MIT's new way to remotely monitor vital signs over time could help with early COVID-19 detection in care homes

Darrell Etherington

MIT researchers have been building out the capabilities of a system they created that can monitor vital signs without requiring any direct contact sensors or wearables -- using wireless signals already present in the environment. Now the team, which is working out of MIT's Computer Science and Artificial Intelligence Lab (CSAIL), is taking their system even further, with the ability to identify a specific individual as one they've monitored previously, keeping their records tied to them over time, all while preserving privacy by not connecting this to any personal information about the subject.

The new tech, which is called "RF-ReID" is useful because it could allow for monitoring individuals cohabiting in a group over time, like seniors in a retirement or long-term care facility, for instance. This development is particularly important because the ability to monitor an individual over time is crucial for actually being able to observe and detect any deviation from a healthy baseline.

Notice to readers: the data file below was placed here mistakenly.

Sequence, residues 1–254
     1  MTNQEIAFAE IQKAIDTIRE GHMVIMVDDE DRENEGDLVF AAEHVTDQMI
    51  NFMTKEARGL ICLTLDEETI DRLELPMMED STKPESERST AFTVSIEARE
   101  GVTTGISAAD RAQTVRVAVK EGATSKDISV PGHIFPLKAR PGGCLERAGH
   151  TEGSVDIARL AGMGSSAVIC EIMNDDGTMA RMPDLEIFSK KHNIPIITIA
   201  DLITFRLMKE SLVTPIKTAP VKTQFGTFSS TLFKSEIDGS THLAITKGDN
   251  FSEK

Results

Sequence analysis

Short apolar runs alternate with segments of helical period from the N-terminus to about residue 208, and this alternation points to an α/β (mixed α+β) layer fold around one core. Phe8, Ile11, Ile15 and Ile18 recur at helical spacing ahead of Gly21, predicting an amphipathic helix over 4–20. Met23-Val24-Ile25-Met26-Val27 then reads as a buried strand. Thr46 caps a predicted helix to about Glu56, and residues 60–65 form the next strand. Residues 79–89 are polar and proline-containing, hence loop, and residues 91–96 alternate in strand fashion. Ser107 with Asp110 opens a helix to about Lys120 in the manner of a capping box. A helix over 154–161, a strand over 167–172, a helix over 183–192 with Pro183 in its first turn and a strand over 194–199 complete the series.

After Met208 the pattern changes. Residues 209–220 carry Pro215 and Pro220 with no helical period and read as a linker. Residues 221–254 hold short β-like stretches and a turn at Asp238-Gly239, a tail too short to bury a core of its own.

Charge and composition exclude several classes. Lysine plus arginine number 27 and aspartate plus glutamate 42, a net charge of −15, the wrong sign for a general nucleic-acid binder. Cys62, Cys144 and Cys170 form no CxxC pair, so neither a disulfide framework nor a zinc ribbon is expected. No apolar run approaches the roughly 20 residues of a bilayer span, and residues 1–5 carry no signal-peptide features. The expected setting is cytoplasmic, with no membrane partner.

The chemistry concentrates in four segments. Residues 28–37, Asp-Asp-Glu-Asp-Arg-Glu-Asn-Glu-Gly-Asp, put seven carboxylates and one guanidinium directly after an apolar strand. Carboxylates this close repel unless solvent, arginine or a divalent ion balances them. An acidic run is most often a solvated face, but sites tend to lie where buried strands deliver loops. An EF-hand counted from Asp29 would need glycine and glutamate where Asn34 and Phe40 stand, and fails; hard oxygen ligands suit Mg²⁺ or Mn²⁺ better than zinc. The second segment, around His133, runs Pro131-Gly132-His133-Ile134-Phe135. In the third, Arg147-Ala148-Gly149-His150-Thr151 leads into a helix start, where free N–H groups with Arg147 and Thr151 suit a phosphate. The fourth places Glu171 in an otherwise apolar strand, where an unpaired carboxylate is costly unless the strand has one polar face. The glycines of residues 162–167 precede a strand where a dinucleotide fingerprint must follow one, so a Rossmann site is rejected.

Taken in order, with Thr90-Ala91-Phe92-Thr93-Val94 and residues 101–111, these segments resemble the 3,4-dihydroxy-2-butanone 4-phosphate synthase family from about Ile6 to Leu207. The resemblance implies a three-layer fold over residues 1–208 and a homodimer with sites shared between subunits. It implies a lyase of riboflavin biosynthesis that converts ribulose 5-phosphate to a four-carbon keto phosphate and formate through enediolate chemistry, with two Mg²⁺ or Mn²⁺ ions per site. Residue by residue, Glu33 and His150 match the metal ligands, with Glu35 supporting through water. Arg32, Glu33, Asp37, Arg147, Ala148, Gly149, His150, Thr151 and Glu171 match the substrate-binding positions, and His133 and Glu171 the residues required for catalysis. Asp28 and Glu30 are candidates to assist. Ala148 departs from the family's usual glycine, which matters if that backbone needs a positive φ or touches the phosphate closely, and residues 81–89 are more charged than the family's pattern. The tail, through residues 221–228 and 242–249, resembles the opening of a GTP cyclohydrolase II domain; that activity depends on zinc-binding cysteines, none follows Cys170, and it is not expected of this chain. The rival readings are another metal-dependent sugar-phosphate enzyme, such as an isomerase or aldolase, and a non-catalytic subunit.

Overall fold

While healthcare facilities obviously employ a number of different measures to monitor resident and patient vital signs over time, these can run into potentially serious limitations. Cameras aren't very privacy-respecting, and they also have limitations in terms of identifying individuals consistently over time, depending on even superficial changes to their appearance, like wearing different clothes. Remote monitoring devices are only as good as the memories and consistency of the individuals employing them, whereas the MIT CSAIL system works independent of any on-person device.

The team that developed RF-ReID say that It can re-identify a new individual introduced to the system after less than 10 seconds of physical activity, using signals including body size, walking speed and gait style, all of which it infers from data collected by wireless radio signals present in the environment.

Because it doesn't need any existing biographical or personally identifiable private information to work, this could prove the basis of privacy-preserving monitoring systems that could be used even in the identification of potential COVID-19 cases in care homes. The researchers suggest that the system could flag any potential onset of symptoms, prompting care workers to do an in-person round of screening and/or testing.